It doesn’t mean that going to the listing agent ensures that buying edge because no reputable listing agent in Sacramento would put her seller at a disadvantage. No way, Jose. We want our sellers to get the highest and best offer; there are no compromises. No favorites. Everyone has an equal chance. But you might get a chance, and that’s the important part.
In this seller’s market in Sacramento, hitching your wagon to a top producer might be the wiser decision.
Don’t give sellers a reason to reject your purchase offer. Not in a seller’s market like our present real estate market in Sacramento. Don’t give them one little reason. The thing that buyers don’t realize is when a listing agent is reviewing offers with the sellers, they are probably looking for a reason to reject. They are not looking for a reason to accept. That’s because most homes right now are attracting multiple buyers.
If you’re buying a home in Sacramento, you want to make your offer stand out but not in a bad way. You don’t want your purchase offer to be the only offer, for example, that asks the seller to give you the refrigerator. A smart buyer makes no demands on a seller. A smart buyer makes the offer easy for the seller to accept. This is not the time to ask the seller to pay for a home warranty or to demand that the seller in a Sacramento short sale, for instance, not send any other offers to the bank.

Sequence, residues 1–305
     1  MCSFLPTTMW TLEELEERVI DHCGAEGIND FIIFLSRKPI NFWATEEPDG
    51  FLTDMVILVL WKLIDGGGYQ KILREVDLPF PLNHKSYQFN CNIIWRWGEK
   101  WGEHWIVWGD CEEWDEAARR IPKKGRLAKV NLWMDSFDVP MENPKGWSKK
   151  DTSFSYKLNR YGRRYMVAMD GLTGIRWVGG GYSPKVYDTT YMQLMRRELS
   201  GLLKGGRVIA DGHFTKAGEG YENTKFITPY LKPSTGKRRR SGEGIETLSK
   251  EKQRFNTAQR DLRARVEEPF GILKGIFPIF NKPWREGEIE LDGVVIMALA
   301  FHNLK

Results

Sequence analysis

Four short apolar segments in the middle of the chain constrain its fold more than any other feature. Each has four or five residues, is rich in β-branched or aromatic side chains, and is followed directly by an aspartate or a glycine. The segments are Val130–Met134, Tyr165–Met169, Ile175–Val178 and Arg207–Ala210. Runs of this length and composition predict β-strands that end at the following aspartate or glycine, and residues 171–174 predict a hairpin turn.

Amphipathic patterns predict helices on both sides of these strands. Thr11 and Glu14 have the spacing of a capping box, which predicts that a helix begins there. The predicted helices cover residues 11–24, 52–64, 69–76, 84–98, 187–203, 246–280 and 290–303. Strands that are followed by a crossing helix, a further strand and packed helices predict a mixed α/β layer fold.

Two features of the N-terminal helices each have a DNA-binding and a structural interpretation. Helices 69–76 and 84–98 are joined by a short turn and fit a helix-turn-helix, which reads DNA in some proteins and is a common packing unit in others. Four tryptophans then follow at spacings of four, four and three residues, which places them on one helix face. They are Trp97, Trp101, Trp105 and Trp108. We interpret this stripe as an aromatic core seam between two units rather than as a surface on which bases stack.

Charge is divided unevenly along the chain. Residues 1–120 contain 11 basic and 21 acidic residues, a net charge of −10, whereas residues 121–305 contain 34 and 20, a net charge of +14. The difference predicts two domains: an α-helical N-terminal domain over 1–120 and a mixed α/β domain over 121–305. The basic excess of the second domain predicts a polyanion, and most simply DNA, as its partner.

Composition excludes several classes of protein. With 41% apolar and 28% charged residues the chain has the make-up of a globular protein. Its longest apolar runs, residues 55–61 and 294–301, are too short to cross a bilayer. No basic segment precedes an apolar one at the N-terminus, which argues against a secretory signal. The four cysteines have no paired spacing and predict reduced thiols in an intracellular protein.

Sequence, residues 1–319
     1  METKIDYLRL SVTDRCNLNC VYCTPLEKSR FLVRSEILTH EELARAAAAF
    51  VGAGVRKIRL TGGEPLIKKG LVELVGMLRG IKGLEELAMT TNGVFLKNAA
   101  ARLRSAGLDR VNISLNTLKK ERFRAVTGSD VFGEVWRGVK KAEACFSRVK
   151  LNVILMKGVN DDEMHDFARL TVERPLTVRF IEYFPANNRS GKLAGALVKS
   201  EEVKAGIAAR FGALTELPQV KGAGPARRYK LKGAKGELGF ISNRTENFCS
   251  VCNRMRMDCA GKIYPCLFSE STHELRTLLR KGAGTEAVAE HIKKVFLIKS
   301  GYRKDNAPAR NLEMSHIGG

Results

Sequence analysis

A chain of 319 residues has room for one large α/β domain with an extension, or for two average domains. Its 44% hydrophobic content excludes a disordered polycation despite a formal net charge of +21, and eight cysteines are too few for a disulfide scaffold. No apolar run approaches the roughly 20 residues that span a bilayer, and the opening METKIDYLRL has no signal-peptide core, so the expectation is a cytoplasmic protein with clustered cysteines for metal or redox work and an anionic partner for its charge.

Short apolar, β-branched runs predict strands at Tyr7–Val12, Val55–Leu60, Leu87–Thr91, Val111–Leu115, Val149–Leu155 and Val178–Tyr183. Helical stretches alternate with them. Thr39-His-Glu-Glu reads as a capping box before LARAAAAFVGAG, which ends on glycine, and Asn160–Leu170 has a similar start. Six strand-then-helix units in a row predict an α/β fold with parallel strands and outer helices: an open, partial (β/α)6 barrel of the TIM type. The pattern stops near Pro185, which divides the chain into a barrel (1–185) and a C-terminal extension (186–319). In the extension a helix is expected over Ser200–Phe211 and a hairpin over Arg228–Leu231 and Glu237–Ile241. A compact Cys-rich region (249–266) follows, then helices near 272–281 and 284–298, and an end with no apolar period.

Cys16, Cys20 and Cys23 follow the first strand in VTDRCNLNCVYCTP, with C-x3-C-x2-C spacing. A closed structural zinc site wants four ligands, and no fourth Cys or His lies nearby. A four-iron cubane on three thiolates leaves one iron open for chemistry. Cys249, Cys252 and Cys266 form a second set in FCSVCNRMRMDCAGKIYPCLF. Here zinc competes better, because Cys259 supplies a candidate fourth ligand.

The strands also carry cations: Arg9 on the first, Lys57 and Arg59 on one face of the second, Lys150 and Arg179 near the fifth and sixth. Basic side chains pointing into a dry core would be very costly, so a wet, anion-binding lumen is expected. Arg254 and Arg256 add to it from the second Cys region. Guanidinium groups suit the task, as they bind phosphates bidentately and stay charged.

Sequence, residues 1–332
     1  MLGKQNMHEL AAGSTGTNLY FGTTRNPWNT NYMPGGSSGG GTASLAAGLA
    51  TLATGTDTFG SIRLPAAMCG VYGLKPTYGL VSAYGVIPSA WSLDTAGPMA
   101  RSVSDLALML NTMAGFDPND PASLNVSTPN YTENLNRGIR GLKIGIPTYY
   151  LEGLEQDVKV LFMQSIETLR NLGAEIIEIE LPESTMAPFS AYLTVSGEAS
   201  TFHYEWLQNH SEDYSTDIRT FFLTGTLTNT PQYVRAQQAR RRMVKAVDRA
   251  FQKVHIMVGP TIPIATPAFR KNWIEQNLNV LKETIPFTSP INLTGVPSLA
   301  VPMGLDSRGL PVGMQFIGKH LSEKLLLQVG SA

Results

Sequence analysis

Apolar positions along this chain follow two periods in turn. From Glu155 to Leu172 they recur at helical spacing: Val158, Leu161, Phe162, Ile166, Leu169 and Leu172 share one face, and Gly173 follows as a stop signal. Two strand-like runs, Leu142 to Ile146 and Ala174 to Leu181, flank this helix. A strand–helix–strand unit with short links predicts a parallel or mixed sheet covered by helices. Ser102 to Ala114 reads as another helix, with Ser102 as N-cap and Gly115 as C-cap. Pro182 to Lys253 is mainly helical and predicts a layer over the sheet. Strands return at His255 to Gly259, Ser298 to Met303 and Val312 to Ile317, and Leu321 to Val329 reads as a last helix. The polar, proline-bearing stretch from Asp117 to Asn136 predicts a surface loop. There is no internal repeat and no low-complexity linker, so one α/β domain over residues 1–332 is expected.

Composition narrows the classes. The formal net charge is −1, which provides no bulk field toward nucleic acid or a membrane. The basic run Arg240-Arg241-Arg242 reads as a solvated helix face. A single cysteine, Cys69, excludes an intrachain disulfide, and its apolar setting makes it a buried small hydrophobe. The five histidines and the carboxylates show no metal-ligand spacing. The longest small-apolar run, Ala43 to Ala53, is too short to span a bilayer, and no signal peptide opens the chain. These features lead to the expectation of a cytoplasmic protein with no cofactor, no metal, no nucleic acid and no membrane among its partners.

Realize that a Sacramento home buyer is not in a position to make demands today. Don’t stand out like a sore thumb.
For one thing, I don’t know of a single Sacramento short sale agent who would send more than one offer to the bank. It’s just not protocol. The only reason to ever do that is if the initial offer is too low. As long as a buyer’s offer is sufficient and would be acceptable to the short sale bank, only a short sale agent with sadistic tendencies would advise a seller to send more than one offer to the bank. It’s unwise to insert any clause apart from the norm that would make your purchase offer stand out in a negative way.
I promise you that if you offend the seller, your offer won’t stand a chance in a blue moon. If you’re not getting offers accepted, there might be a burr wedged in your offer somewhere.